[To Tatum]: When you first go to the du Pont mansion, your character provides the audience's eyes in the story, entering into this almost fairy-tale strange world. Did you and Steve find it better to interact as strangers, or as collaborative actors on what you were going to do together?

Carell: We kind of worked it out as strangers. These press junkets are actually the first social interaction I think we've had. They both seem like quite nice people.

Ruffalo: And you're not frightening at all.

Tatum:You're still frightening because I know it's in there. It's inside but you're so good at hiding it.

Carell: That's who I really am. … But it wasn't premeditated in any way. We just naturally drifted apart and it stayed that way during the shoot. Except for one commiserating evening, when we commiserated until we passed out. …

Ruffalo: After a long day soaked in blood and salty tears. …

Carell: We had to reach out to each other as human beings. …

Tatum: Just to survive.

The Schultz brothers were celebrities. You can see them in YouTube videos and you can see how well you have captured them, both physically and in their different spirits. But I could find no publicly available video of John du Pont, apart from a news clip of when he was declared mentally incompetent to stand trial, when he looks like a latter-day Howard Hughes. Did you have much access to his personal materials?

Carell: Bennett and the producers supplied me with quite a bit. Du Pont commissioned a documentary on himself. The most valuable aspect of that was the raw footage. There were long takes of him talking to his crew, and instructing the documentarian as to what kind of questions he wanted to be asked and when he wanted to change his answer. That gave me a glimpse behind what he wanted to represent as a public persona. And there's lots that he had recorded and I listened to audio tapes of him.

I guess you know that everyone's talking about the nose. How extensive was the prosthetic preparation?

Carell: For about six months before shooting, [makeup artist] Bill Corso and I worked on that together and did many, many versions of it. It wasn't just makeup. He's such an artist, a partner and a sculptor who aided in creating the character. It had to strike just the right balance and not go too far. He probably went as deep into examining the character as anyone else involved in the film.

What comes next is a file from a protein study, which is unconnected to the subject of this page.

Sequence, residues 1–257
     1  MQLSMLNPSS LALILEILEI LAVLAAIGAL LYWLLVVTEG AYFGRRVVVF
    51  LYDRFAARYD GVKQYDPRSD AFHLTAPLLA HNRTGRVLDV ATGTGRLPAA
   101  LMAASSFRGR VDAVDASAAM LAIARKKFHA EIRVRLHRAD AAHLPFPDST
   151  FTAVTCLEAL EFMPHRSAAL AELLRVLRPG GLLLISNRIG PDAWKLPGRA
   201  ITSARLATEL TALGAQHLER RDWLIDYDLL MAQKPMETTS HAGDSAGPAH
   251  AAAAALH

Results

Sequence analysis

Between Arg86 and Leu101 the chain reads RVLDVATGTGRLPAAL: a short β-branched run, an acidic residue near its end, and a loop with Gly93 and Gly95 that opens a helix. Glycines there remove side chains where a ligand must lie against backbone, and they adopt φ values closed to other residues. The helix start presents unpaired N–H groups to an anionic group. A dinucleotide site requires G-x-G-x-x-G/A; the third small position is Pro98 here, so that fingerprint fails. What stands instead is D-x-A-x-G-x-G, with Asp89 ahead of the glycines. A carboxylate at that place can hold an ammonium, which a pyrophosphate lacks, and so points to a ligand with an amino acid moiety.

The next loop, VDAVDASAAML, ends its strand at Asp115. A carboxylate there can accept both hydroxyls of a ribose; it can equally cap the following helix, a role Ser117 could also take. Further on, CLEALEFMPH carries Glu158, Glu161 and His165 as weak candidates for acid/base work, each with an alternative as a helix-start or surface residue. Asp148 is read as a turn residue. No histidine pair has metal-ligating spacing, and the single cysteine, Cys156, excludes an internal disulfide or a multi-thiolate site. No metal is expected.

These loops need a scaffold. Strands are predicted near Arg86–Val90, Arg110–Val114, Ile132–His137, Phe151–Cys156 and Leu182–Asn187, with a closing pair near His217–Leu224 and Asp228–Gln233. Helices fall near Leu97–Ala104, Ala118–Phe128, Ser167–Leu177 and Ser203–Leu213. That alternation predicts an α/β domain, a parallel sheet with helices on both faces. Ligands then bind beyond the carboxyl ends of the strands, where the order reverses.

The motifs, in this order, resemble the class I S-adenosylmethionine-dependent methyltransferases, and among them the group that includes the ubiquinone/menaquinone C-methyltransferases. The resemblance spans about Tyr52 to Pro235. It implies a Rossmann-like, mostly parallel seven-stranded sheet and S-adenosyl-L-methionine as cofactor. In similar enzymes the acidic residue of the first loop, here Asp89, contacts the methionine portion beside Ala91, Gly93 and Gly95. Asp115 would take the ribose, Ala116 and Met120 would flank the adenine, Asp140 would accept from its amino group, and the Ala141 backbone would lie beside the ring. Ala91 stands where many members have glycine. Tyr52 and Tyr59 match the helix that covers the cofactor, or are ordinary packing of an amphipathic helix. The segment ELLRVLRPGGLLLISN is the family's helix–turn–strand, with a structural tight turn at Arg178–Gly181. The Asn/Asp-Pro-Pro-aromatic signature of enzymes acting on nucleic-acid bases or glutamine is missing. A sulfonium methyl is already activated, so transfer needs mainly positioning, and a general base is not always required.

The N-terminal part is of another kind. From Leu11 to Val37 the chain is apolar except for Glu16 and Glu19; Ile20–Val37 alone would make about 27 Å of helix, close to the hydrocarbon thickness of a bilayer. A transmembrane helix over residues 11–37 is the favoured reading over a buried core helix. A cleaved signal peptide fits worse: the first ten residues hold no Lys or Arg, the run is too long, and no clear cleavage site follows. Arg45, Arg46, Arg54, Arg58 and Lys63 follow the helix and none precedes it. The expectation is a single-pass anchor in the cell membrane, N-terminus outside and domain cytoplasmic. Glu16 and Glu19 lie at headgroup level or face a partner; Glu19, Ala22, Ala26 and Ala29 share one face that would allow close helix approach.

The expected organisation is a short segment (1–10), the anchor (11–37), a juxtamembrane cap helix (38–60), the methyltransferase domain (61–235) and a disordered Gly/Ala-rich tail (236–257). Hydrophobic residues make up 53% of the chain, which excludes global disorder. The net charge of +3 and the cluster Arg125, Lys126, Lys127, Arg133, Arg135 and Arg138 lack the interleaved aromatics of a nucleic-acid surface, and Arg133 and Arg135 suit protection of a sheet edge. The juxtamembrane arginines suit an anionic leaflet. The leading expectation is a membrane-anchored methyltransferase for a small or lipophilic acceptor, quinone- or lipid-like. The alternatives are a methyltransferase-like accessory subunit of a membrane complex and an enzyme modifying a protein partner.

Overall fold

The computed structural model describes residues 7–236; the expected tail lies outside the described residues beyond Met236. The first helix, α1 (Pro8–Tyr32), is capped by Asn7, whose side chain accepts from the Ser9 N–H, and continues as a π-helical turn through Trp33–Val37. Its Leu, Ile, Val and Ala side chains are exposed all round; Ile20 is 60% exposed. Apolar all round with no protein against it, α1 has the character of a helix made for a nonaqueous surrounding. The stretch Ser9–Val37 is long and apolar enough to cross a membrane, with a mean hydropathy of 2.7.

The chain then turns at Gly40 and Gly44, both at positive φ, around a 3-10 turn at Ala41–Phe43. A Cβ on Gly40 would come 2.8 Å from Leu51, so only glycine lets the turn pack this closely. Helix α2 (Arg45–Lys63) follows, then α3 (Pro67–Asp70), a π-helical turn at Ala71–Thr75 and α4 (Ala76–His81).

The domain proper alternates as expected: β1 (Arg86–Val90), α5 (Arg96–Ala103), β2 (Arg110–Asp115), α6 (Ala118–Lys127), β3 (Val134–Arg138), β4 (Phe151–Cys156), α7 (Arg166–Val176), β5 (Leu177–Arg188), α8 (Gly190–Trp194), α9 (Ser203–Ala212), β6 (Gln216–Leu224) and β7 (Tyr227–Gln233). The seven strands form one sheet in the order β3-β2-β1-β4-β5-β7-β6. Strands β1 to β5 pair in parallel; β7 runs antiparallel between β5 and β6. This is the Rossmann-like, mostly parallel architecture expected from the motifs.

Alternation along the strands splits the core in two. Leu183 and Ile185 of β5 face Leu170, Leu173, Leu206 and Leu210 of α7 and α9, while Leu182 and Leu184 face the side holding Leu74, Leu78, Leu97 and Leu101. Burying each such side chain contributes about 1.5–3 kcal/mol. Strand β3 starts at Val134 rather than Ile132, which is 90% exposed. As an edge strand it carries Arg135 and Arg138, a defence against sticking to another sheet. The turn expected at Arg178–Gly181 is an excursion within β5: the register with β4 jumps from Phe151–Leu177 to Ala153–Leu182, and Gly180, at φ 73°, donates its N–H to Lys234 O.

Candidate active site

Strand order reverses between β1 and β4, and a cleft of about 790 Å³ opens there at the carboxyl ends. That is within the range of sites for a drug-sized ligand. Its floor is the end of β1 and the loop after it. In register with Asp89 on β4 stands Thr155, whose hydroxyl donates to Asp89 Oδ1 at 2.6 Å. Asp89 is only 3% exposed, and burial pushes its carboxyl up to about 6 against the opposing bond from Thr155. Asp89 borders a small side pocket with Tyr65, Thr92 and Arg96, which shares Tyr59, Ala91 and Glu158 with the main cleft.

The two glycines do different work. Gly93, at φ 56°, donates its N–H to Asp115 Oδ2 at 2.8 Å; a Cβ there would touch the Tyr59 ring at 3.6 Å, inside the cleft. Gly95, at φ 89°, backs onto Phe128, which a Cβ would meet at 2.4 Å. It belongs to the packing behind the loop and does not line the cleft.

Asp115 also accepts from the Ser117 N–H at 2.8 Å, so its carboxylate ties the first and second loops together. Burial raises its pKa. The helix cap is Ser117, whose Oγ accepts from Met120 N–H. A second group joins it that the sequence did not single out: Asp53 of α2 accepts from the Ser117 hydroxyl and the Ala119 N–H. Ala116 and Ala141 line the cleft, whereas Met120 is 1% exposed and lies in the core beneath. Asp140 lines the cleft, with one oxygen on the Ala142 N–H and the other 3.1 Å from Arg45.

In an early scene, Mark and Dave are wrestling in an empty gym and you instantly understand that it's a sport that's quick, powerful and violent, and you see how easily these two people can hurt each other badly.

Tatum: We did, accidentally.

You look so physically familiar with each other. Was it shot near the end of the film?

Ruffalo: You should know that, basically, Bennett cut the first 30 pages of the movie out and started with page 30. That's what you saw. …

Tatum: There were four or five long scenes of me and Mark talking, setting up our relationship. When I saw this cut, I started panicking, completely freaking out. How does anyone know who we are? There was some great stuff that got thrown out. And then you see the scene and you realize it's all you need to see.

Ruffalo: It's cinema at its most exquisite: You know who they are, what the relationship is, where they've probably been, where they're probably headed, the whole quality of their existence, with almost no dialogue. It's all there. Bennett talked about those Zen meditation gardens, where there's a rock sticking out, with the sand around it like water. The stone is just a representation of the hidden mass beneath the surface. What we did in that scene, by cutting the first 30 pages of dialogue, is just a representation of everything that's beneath the surface.

Tatum: Yes – we shot that right near the end.

This interview has been condensed and edited.